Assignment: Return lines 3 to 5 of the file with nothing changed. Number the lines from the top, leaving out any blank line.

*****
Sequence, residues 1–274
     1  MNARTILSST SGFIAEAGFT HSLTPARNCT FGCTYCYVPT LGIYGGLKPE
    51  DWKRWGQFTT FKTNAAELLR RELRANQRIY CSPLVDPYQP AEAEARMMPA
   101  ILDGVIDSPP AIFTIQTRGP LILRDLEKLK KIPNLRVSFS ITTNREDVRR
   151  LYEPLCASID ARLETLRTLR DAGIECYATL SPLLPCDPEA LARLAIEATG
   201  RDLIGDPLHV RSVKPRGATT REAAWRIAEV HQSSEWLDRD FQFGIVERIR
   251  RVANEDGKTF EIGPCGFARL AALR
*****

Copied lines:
    51  DWKRWGQFTT FKTNAAELLR RELRANQRIY CSPLVDPYQP AEAEARMMPA
   101  ILDGVIDSPP AIFTIQTRGP LILRDLEKLK KIPNLRVSFS ITTNREDVRR
   151  LYEPLCASID ARLETLRTLR DAGIECYATL SPLLPCDPEA LARLAIEATG